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‘Reasonable Doubt’ creator Raamla Mohamed breaks down the show’s first season on Hulu

From the WNBA to a career in TV, the former ‘Scandal’ and ‘Grey’s Anatomy’ writer shares the inspiration behind the show

When showrunner Raamla Mohamed had a vision of portraying the story of a powerhouse attorney, she was “instinctual” about how she wanted it to unfold.

“Everything I do is based on how I feel about something, just my instincts,” Mohamed said.

The show, Reasonable Doubt, wraps up its first season on Hulu on Tuesday.

Inspired by real-life attorney Shawn Holley and Jay-Z’s debut album, Reasonable Doubt, the series is a mix of romance, criminal justice and Black culture.

The main character, Jax Stewart, played by Emayatzy Corinealdi, is a mother who juggles marital woes, parenthood, a high-stakes legal career and complicated friendships. The series also stars Michael Ealy, Sean Patrick Thomas, Pauletta Washington and McKinley Freeman.

“She is a very successful attorney,” Mohamed said. “She’s kind of going through some ups and downs, I’ll say, in her marriage and personal life. So we get to follow that part of her home, I like to say.”

Through the series, the Los Angeles native has created opportunities for Black women to shine in front of and behind the cameras while giving the world a glimpse of the parts of Black LA that are not often shown. 

We sat down with Mohamed, an alum of the Shondaland television production company created by producer/director Shonda Rhimes, to discuss her journey in the entertainment industry and what it’s like working with actress Kerry Washington.

This interview has been edited for length and clarity.


How did you get started in the entertainment industry?

Well, it was kind of a long road. I went to Columbia University in New York and majored in English and film studies. During that time in the summers, I worked for the Los Angeles Sparks WBNA team and worked on promotions and halftime entertainment. That was, I guess, my first entertainment job. After college, I worked in theater as an assistant and then realized I wanted to write. I thought I wanted to write plays. I didn’t really know that people could actually get paid to write. I figured you would get paid a little bit, but I didn’t realize you can make a career of it. I decided to apply to USC for grad school and I did the TV writing MFA program, which then kind of led me to get a job as a writer’s PA [production assistant] on Grey’s Anatomy Season Six, and that kind of started my Shondaland career. I then ended up a writer on Scandal, and that was a big break and a huge show to work on. It was uphill from there!

How important was it for you to incorporate Windsor Hills, your hometown, into the show?

It was very important. It’s a very special area of Black LA. There’s not a lot of areas even in a country like this, where you have the level of Black professionals and Black wealth, and some of it for generations, in one area. And for me, as someone who went to a predominantly white high school, it was nice to come back home after [college] or on the weekends and be around such Black excellence. So I really wanted to portray that in a TV show.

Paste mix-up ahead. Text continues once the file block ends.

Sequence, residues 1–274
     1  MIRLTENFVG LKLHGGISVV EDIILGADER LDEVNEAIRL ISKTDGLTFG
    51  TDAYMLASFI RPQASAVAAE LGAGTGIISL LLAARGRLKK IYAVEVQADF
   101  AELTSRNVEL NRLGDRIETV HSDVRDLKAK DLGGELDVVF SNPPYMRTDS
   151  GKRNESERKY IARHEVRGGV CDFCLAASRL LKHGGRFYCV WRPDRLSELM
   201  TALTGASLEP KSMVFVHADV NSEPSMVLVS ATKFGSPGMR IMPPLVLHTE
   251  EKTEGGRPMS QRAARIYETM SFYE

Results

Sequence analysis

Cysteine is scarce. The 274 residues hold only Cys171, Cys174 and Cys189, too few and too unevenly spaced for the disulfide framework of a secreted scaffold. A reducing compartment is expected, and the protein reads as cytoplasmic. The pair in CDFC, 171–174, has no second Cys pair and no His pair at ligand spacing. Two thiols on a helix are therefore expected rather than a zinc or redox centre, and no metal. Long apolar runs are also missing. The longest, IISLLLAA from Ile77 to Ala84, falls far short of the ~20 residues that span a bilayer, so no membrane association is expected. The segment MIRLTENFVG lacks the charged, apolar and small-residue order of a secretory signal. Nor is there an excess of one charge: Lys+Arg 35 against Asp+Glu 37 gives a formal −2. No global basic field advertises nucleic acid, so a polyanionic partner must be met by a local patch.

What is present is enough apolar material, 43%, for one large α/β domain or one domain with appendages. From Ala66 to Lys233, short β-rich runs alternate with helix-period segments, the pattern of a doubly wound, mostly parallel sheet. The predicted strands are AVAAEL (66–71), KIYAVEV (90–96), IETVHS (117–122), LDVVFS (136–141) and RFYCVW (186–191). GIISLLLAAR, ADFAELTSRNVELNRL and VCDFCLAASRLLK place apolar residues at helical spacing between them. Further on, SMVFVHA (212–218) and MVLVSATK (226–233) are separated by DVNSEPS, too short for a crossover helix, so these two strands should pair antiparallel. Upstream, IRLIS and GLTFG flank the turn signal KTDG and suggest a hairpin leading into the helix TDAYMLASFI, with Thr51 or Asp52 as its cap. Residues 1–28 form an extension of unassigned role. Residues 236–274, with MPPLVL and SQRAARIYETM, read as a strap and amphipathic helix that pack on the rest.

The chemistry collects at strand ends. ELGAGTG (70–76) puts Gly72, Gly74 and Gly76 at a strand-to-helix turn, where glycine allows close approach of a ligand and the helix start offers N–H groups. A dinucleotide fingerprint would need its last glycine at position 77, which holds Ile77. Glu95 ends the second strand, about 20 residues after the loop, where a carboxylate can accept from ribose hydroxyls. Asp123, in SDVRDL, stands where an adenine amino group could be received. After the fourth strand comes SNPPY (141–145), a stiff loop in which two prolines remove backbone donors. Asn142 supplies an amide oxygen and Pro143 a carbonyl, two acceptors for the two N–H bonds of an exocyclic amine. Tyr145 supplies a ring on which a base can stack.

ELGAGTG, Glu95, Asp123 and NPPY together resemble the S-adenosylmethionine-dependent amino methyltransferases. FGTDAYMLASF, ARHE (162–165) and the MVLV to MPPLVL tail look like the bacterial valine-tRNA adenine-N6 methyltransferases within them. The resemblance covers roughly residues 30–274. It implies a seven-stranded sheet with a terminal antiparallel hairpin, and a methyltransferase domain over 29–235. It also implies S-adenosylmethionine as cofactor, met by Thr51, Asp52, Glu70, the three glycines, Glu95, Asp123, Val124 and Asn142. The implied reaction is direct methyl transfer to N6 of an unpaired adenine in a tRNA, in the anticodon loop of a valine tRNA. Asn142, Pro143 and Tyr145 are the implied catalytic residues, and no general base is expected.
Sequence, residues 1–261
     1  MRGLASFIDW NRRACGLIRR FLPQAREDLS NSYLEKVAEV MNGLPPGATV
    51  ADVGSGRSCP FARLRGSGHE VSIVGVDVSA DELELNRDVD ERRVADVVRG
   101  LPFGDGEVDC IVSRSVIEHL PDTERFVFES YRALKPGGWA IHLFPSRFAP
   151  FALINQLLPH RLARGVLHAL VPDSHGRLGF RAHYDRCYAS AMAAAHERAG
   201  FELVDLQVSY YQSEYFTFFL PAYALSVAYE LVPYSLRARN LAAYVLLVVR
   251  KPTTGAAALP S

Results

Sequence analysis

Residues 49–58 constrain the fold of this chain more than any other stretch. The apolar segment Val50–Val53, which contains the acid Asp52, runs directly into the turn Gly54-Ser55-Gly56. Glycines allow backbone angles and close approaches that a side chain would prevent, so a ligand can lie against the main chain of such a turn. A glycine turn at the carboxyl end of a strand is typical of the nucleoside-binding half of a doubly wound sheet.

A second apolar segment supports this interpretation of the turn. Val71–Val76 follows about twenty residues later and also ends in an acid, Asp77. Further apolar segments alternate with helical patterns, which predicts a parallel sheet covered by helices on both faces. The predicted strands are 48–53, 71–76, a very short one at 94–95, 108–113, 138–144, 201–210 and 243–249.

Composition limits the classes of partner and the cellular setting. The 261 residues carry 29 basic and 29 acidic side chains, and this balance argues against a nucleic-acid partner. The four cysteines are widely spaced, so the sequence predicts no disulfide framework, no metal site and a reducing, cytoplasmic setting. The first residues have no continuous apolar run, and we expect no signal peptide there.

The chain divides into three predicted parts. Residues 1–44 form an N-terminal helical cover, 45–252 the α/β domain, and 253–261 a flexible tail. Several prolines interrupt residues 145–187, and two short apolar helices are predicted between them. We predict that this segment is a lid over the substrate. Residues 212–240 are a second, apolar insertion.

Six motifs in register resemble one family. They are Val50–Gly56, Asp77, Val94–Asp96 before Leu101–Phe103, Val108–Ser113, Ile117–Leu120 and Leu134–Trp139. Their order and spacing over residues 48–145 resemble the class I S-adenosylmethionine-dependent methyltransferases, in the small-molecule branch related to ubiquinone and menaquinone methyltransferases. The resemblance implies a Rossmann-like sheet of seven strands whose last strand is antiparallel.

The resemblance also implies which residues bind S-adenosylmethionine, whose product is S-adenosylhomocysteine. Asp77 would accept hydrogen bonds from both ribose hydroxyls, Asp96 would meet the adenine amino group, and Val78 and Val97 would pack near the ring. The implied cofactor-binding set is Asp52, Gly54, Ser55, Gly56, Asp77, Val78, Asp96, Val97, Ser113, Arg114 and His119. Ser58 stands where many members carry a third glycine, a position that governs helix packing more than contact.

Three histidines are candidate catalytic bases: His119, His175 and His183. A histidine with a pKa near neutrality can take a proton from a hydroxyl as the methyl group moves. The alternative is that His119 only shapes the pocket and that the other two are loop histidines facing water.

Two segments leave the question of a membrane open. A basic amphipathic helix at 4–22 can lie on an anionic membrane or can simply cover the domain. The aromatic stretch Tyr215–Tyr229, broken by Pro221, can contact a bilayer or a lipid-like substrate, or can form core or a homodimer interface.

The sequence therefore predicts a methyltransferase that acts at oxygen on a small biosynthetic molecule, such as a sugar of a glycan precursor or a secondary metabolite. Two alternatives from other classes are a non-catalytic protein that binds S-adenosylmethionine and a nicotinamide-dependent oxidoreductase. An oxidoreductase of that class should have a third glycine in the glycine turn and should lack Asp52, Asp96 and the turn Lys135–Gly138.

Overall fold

Jay-Z fans will recognize the title of the series, named after his debut album. Can you give us the background behind this name choice and how it played out in the series?

So, Reasonable Doubt was one of my favorite albums. I remember in high school when I first listened to it, it just was something that I’d never heard before. It was very unique. It had these jazzy influences, but it was talking about streets, but also this maturity to it. And I really do feel like in a lot of ways, Jax kind of embodies a little bit of that. She’s a lot of different things at once. And so, of course, it was a legal show and I was thinking, what could the title be? She’s a defense attorney, so she has to talk about reasonable doubt. And I was like, ‘Oh, my gosh, that’s perfect.’

I’m just in general a huge music fan. I’m sure you can see just even the first two episodes, I scripted the songs in the show to make sure that everyone understood what the vibe was going to be. Like, ending with Outkast’s ‘Liberation,’ it was important to me to know what the mood and the tone were, and so everyone could get a sense of what I was trying to do.

What was your thinking behind ensuring that Black people were involved in every part of the show?

When we talk about diversity, a lot of times it is on screen, which is great — I think it’s important to have diversity on screen. But what about behind the scenes? What about the people who are working on the show? So I have an all-Black writers room, all-Black directors … and it’s not just because, oh, it’s a cool or cute thing to say. It’s really because I wanted to reflect what was on screen. I mean, 90% of my cast is Black, and if not, it’s people of color. So what you’re seeing on screen, behind the scenes, you have to also have people who understand the many facets of who we’re trying to represent.